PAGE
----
As the News notes, Leader’s departure comes at a time of increased ridership but also increased frustration as crowding is at historic highs and subway rides seem slower and less pleasant than ever. Leader was a major proponent of the current FASTRACK maintenance program, and The News notes that Leader’s “last major initiative was an attempt to get trains moving more smoothly through the overcrowded and problem-plagued system” that involved using “subway station platform workers to move riders in and out of trains faster and boost[ing] maintenance and inspections.” Whether the latter has been a success is hard to say. Without boosting frequency and overall system capacity, these efforts strike me as the proverbial lipstick on a pig.

    So as Hakim arrives, she’ll be able to appoint her own right-hand aide to head up the largest subway system in America at a time of ever-increasing crowds and capacity concerns. Due to work shift rules, the MTA’s lead time for increasing service can run anywhere from six to nine months — which means, based on recent trends, that gains from increased capacity will be wiped out by the interim increase in ridership. Shortening this lag should be one of Hakim and her next SVP of subways’ top priorities. For now, Wynton Habersham, Transit’s Vice President and Chief Officer of Service Delivery, will serve as the interim SVP of subways. · (6)
An alternate universe NYC subway train arriving at Columbus Circle on Tuesday night. (Photo: Benjamin Kabak)

An alternate universe NYC subway train arriving at Columbus Circle on Tuesday night. (Photo: Benjamin Kabak)

After work last night, I took a trip to my old stomping ground on the Upper West Side to catch Mike LeDonne’s Hammond B3 organ quartet at the jazz club Smoke near 106th and Broadway. It’s been a Tuesday night tradition for over a decade now, and I’d highly recommend it. Usually, I’d take the 1 train from Midtown, but the MTA had a different idea. When the West Side IRT local pulled into Columbus Circle, the train proclaimed itself, oddly enough, a green 10.

A few passengers waiting for the train did a double-take, similar to the surprised looks that fill unsuspecting subway riders’ faces when the Nostalgia Train rolls up, and then, everyone got on. For the transit literati among us, it’s always a treat when a train with an improperly set rollsign shows up because it provides a window to a subway route that never was (and likely never will be). The 10 is just one of those routes.

As is evident from the green 10 bullet, at one point in developing the rollsigns on the R62 and R62A cars, the MTA reserved this route designation for the Lexington Ave. line. The agency never assigned the 10 to a route, but it’s safe to assume it would have served to differentiate today’s 5 trains. Perhaps the 10 could have been used for Nereid Ave.-bound East Side IRT trains.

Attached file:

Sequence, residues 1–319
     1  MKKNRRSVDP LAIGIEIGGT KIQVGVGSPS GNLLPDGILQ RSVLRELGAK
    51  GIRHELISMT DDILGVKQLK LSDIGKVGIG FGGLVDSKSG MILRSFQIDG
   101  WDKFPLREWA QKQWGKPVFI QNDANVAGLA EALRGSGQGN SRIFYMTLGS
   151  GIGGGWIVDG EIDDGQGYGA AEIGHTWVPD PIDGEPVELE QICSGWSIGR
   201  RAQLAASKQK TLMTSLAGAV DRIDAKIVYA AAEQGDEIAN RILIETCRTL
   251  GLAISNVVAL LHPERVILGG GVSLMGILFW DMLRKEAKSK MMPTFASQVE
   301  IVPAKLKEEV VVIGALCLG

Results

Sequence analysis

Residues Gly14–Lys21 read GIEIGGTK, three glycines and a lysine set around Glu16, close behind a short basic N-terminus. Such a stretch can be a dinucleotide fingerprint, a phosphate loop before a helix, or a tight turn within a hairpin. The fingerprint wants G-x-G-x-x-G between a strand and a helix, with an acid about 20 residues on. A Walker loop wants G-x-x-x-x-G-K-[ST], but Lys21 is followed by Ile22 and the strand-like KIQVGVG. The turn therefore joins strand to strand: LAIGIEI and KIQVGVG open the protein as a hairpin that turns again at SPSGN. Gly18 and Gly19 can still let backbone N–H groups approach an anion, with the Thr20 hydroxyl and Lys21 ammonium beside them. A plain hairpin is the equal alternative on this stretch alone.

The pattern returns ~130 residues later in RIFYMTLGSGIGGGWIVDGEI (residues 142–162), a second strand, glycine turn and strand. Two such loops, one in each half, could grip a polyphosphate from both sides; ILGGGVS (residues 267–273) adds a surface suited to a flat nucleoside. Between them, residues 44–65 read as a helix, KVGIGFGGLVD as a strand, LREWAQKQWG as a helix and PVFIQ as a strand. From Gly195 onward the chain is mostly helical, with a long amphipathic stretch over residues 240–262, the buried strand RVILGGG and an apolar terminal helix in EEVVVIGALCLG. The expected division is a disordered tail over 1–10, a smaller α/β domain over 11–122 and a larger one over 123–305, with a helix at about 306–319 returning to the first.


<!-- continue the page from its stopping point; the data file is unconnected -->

The 10 isn’t alone as an unused route bullet. The 11 train was reserved for the 7 line. It could have indicated express service, but the MTA went with a diamond 7 instead. Other rollsigns have been known to offer a glimpse at a green 8 or 12, also indicating potential route designations for Lexington Ave. service. There’s a red 13 out there and, of course, the dearly departed 9 train should the West Side need extra route numbers as well.

Ultimately, though, these are a dying breed. When the R62 and R62A rolling stock sets are completely phased out by the end of the 2020s, the IRT rollsigns will go with them. Instead, colored bullets on train cars will go the way of the dodo, and we’ll have what we have today on new cars: bright red lights that don’t allow you to see what train is arriving until it’s nearly in the station. Of course, the IRT’s countdown clocks obviate the need for such a distinction, but I’ve always found something endearingly comforting about the subway bullets. They match the colors of the route lines on the subway map and system signage, and they otherwise give cohesion and character to otherwise anonymous subway cars. An N is a Q at the touch of a button, but the 10 train I rode in is a quirk of human error.

All good things must come to an end, though, and much like the rail fan window, the rollsigns — which look pretty cool when unfurled — will join transit history. As long as we get those open gangway trains sooner rather than later, though, I’ll bid the 10 train, and the 13 and 11 and 8 and 12, a fond farewell.

Categories : Rolling Stock
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The MTA has asked for ideas for an adaptive reuse of Long Island City's Montauk Cutoff.

The MTA has asked for ideas for an adaptive reuse of Long Island City’s Montauk Cutoff.